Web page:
TABLE
TABLE:
ACSM Health Fitness and Clinical Certifications Eligibility Criteria

SCOPE AND ROLE OF A CLINICAL EXERCISE PHYSIOLOGIST

Figure
Figure

The clinical exercise physiologist is an allied health care professional who typically works full-time in hospitals and outpatient clinics, alongside other health care providers, and can be self-employed (1). According to the U.S. Department of Labors Occupational Outlook Handbook, the clinical exercise physiologist is able to administer exercise tests and develop fitness programs that assist patients in the recovery and current management of chronic disease and disabilities (1). These conditions include, but are not limited to cardiovascular, pulmonary, metabolic, orthopedic, and musculoskeletal diseases. A clinical exercise physiologist also can provide education and programming to help with the prevention of disease (primary) and management of risk factors associated with disease (secondary) in people of all populations and ages (2). Clinical exercise physiologists typically have entry-level education of a bachelor’s degree in exercise science or kinesiology and clinical experience (1). The U.S. Department of Labor forecasts a 13% growth between the years 2016 and 2026, resulting in an additional 2,000 clinical jobs (1). The median pay for the clinical exercise physiologist is $49,270, with salary being slightly higher for those professionals who have a graduate degree (1).

As one of the most widely recognized certifications, ACSM offers the Certified Clinical Exercise Physiologist® (ACSM-CEP) credential that indicates entry-level competencies to deliver the scope of the clinical exercise physiologist (2). The Table discusses the differences in eligibility criteria for those individuals who have a bachelor’s versus master’s degree (2). Regardless of the level of education, an exam candidate is required to complete an application and provide documentation of clinical experience (2). All ACSM-CEPs also are encouraged to become members of the Clinical Exercise Physiology Association (CEPA) where they will be eligible to apply to the Clinical Exercise Physiologist Registry (4). The CEPA Registry is the only national registry that promotes and advocates for the advancement of ACSM-CEPs. It affords employers and other health care professionals a tool to find qualified clinical exercise physiologists for referral by searching in geographic regions. For more information on CEPA and the national registry, please visit www.acsm-cepa.org.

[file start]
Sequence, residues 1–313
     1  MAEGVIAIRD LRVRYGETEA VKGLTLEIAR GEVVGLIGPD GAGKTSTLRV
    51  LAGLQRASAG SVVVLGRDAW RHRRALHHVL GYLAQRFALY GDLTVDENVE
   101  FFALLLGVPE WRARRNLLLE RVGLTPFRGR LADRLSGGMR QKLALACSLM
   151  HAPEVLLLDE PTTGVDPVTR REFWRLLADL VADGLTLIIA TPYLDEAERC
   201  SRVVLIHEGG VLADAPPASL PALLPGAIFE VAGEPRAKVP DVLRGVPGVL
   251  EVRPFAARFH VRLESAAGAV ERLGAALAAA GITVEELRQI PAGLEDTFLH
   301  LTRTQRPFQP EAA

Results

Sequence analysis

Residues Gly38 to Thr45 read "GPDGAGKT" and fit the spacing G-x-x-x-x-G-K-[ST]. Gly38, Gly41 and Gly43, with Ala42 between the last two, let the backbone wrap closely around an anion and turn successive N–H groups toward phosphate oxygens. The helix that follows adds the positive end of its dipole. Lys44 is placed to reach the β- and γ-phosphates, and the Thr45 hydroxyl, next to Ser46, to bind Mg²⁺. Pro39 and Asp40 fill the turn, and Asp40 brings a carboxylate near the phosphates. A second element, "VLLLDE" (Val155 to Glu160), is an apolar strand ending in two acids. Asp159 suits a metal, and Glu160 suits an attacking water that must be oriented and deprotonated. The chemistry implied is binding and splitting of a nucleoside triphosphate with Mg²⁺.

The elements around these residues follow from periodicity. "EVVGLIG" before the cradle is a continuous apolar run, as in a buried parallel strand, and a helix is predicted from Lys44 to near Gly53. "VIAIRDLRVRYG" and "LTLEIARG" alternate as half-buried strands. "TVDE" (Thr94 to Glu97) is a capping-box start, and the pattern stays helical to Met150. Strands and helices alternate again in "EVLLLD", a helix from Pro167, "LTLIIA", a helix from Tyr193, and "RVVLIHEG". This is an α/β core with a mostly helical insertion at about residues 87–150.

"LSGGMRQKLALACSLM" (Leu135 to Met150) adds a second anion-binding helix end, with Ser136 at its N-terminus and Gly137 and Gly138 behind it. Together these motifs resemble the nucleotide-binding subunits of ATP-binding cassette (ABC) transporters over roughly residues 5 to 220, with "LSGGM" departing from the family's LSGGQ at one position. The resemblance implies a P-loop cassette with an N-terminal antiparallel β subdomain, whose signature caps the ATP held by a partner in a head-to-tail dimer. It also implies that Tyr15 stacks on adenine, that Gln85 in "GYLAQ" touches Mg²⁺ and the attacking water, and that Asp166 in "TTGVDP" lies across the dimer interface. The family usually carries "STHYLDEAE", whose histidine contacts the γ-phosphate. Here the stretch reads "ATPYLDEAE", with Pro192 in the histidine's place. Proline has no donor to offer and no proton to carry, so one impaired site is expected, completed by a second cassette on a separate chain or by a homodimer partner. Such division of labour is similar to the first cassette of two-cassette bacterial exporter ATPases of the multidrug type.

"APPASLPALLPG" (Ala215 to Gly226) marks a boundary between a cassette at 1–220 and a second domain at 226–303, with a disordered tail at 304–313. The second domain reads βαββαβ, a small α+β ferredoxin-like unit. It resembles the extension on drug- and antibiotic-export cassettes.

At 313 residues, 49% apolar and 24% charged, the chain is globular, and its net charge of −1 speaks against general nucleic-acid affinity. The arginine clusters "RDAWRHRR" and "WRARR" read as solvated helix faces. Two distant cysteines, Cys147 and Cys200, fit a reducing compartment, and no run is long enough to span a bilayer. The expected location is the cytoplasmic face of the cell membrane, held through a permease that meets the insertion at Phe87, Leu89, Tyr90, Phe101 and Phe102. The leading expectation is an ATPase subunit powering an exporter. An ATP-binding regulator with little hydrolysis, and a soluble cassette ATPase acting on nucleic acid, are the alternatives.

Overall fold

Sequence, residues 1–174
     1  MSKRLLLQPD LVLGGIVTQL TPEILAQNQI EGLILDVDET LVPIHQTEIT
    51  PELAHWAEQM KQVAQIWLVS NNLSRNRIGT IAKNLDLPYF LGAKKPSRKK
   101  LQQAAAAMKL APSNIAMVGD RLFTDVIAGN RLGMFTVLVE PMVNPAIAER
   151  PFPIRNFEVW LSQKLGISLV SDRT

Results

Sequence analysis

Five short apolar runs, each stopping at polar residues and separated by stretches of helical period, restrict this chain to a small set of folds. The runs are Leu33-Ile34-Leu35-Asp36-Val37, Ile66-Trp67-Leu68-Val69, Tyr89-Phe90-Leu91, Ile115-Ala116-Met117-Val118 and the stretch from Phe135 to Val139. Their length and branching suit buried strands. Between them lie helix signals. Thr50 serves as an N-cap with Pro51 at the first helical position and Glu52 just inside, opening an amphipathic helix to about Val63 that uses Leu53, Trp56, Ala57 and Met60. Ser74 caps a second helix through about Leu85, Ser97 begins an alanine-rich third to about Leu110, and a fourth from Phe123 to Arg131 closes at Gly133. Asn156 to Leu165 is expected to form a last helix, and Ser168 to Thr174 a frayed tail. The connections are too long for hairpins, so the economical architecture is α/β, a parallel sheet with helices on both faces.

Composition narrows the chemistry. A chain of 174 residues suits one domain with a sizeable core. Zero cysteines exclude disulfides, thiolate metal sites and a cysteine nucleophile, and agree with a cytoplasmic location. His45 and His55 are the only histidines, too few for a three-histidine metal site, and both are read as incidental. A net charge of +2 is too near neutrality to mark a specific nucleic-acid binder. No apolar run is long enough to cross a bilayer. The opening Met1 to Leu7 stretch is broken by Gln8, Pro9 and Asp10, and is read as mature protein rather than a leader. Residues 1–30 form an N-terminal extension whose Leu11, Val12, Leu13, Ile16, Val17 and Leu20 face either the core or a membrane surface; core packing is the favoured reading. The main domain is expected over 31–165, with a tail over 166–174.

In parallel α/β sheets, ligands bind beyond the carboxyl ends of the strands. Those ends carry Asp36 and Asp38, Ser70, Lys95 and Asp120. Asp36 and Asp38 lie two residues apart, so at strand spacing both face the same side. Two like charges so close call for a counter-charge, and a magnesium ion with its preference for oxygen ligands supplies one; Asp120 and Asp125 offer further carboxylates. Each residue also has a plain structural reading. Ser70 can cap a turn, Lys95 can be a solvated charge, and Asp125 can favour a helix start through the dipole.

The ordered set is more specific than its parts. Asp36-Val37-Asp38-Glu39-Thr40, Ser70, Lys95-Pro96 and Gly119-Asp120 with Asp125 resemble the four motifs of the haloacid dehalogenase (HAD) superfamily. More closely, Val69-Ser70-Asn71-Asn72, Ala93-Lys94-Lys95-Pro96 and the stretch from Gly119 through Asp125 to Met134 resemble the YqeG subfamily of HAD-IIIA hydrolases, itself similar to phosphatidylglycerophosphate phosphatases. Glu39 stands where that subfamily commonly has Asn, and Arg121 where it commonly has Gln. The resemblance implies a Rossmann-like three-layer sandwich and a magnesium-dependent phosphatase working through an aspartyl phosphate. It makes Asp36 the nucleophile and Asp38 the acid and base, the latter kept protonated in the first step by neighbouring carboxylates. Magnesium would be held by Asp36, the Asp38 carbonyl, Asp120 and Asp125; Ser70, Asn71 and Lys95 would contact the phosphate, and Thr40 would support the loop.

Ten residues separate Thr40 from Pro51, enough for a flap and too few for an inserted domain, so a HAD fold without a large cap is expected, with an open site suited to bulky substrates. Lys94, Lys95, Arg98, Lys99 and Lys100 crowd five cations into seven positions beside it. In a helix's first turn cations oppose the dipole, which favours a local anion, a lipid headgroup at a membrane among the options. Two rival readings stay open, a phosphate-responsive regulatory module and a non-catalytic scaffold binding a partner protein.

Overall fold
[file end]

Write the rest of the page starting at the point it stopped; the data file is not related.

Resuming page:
With an increasing demand for health and physical activity promotion and recognition that exercise can help with disease prevention and management, there is a blatant need for qualified health fitness professionals and clinical exercise physiologists. Understanding the scope and general requirements of each professional is important as the field continues to grow and we advocate for our scope of practice in health fitness and health care. In addition to choosing the correct academic program, the different ACSM certifications need to be considered along with each individual’s career goals and aspirations.

Feel free to contact Dr. Gallo at if you have any questions pertaining to this column.

References

1. U.S. Department of Labor. Occupational Outlook Handbook. 2019 [cited 2019 September 1]. Available from: https://www.bls.gov/ooh/.
2. American College of Sports Medicine. ACSM Get Certified. 2019 [cited 2019 September 1]. Available from: https://www.acsm.org/get-stay-certified/get-certified.
3. ACSM. ACSM’s Guidelines to Exercise Testing and Prescription. 10th ed. Philadelphia (PA): Wolters Kluwer Health; 2018. p. 2.
4. Clinical Exercise Physiology Association. Registry [Internet]. 2019 [cited 2019 September 4]. Available from: https://www.acsm-cepa.org/content.aspx?page_id=22&club_id=324409&module_id=319786.
© 2020 American College of Sports Medicine.